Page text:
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People sniffer was the field name for a series of U.S. Army personnel detectors used during the Vietnam War. The purpose was to detect enemy soldiers in hidden positions, which were often employed in the jungle combat conditions of Vietnam. The U.S. military used two different versions of the people sniffer, one backpack version and one helicopter-mounted version.

Detection method

The detection method used by people sniffers depended on effluents unique to human beings;[1] such as those found in urine and sweat.[2] The technology was developed by General Electric for the Army's Chemical Corps. Sweat, being partially composed of ammonia, when combined with hydrochloric acid produces ammonium chloride. Chemical officers planned the detection missions, later known as Operation Snoopy, while individual Chemical Corps soldiers learned how to use the detector equipment and conduct detection operations.[1]


The XM-2 personnel detector manpack, also known as the E63 manpack personnel detector,[3] was the first version of the people sniffer employed by the Army. The XM-2 featured a backpack mounted sensor with an air intake tube on the end of a rifle. The XM-2 was problematic in often detecting the soldier carrying it rather than the enemy. The device also made a distinct sound, easily detectable by the enemy.[1]


The XM-3 airborne personnel detector was a helicopter mounted personnel detector and the second version of the people sniffers. The XM-3 used two independent and identical units that operated in two separate modes. In 1970, the XM-3 became the M3 personnel detector; the M3 became standard issue and was employed almost daily in LOH-6, OH-58 and UH-1 helicopters.[1]


While useful, the detectors had to be used with some caution. People sniffers were known to be oversensitive and would often detect civilians or animals excreting bodily waste.[4] In 1967 the Army Scientific Advisory Panel sent John D. Baldeschwieler to Vietnam in order to conduct controlled experiments and determine the ability of the people sniffers to detect ammonia.[1] The tests showed that the people sniffer responded randomly to ammonia indicators, making it a very subjective instrument.[1] Despite this, the ability of the people sniffer to detect other effluents, such as smoke, helped it to remain a valuable tool during the Vietnam War.[1]

The Viet Cong (VC) and the North Vietnamese Army (NVA) were able to develop effective, low-tech countermeasures to the people sniffers. The airborne sniffers soon became recognizable to the VC and NVA and they would attempt to avoid detection by not firing on Operation Snoopy missions. (Snoopy's ability to detect smoke meant it could easily locate ground troops firing with small arms, even if under cover and camouflaged.) In later Snoopy operations, the detection helicopters were disguised as gunships in order to provoke easily detectable small arms fire.[1]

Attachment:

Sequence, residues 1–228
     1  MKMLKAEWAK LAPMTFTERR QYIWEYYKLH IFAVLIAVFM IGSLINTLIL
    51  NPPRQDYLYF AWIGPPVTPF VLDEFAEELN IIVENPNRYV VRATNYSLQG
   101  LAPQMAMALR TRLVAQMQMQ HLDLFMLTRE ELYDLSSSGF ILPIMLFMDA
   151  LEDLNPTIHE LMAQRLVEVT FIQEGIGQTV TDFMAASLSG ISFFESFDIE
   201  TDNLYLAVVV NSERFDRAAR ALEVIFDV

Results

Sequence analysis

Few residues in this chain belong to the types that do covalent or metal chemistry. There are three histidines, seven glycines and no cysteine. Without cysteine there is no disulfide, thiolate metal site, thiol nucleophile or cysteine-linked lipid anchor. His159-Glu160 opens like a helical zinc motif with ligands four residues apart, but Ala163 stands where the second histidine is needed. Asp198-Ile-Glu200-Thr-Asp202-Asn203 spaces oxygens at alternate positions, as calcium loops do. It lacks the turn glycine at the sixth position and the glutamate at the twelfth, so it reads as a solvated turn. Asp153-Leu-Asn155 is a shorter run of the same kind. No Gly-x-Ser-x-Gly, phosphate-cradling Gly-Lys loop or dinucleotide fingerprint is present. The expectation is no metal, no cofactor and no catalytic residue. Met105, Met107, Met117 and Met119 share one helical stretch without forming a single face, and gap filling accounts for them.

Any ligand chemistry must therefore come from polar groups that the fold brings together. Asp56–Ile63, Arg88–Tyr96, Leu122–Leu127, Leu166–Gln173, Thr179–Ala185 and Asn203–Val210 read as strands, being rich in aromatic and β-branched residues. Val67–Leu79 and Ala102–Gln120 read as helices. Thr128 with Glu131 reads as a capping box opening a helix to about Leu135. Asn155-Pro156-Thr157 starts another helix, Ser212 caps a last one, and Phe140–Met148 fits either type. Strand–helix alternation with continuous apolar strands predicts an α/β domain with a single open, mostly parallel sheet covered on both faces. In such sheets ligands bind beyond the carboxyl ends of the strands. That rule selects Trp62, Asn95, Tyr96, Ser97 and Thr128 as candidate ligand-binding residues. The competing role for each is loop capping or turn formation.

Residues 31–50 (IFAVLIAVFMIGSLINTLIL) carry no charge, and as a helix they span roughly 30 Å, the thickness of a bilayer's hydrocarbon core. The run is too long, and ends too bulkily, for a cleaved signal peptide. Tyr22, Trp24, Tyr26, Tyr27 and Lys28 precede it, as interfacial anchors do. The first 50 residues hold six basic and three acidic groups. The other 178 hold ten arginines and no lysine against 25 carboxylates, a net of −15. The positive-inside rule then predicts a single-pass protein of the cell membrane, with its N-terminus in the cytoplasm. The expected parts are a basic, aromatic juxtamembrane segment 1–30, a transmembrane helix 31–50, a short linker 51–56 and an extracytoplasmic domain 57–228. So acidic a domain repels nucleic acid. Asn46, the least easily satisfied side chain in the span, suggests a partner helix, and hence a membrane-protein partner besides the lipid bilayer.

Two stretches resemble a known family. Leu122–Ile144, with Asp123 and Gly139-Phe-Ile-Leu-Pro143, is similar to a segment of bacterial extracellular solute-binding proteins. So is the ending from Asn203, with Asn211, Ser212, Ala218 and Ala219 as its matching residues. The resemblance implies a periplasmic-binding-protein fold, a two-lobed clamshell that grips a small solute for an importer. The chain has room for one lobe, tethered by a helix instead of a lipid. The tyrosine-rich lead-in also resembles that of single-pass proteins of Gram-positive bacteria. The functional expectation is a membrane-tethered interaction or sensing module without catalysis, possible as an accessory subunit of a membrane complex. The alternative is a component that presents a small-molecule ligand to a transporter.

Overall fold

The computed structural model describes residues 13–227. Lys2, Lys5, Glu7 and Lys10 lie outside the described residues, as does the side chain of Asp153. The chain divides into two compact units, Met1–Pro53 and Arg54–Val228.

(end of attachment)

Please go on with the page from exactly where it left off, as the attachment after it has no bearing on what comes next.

Another effective decoy used by the NVA and VC involved hanging buckets of mud with urine in trees and then moving into another area.[1][5] Tactics such as these essentially rendered people sniffers ineffective in jungle terrain, but they remained useful in open areas, such as those found in the Mekong Delta.[5]


  1. 1.0 1.1 1.2 1.3 1.4 1.5 1.6 1.7 1.8 Kirby, Reid. "Operation Snoopy: The Chemical Corps' "People Sniffer"", Army Chemical Review, January–June 2007, pp. 20–22, accessed October 24, 2008.
  2. Pisor, Robert. End of the Line: The Siege of Khe Sanh, (Google Books), W. W. Norton & Company, 1982, p. 57, (ISBN 0393322696), accessed October 24, 2008.
  3. "Operational Report of the 9th Infantry Division for the Period Ending 31 October 1968", November 16, 1968, p. 40, accessed October 24, 2008.
  4. Dunnigan, James F. and Nofi, Albert A. Dirty Little Secrets of the Vietnam War: Military Information You're Not Supposed to Know, (Google Books), Macmillan, 2000, p. 236, (ISBN 031225282X), accessed October 24, 2008.
  5. 5.0 5.1 Davidson, Phillip B. Vietnam at War: The History: 1946–1975, (Google Books), Oxford University Press U.S., 1991, p. 405, (ISBN 0195067924), accessed October 24, 2008.

Further reading

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